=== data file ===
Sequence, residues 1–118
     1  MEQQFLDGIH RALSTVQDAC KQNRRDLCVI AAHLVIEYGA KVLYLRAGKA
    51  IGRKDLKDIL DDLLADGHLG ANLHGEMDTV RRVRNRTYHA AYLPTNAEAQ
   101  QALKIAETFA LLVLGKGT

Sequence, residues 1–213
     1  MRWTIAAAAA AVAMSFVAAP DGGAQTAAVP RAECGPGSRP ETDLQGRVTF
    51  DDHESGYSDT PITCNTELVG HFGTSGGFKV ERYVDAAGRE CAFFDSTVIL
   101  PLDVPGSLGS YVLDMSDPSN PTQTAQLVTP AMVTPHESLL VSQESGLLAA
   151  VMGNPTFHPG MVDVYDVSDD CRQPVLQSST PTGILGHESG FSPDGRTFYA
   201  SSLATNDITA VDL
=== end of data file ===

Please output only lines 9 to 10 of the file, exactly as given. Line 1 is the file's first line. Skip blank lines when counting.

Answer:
   151  VMGNPTFHPG MVDVYDVSDD CRQPVLQSST PTGILGHESG FSPDGRTFYA
   201  SSLATNDITA VDL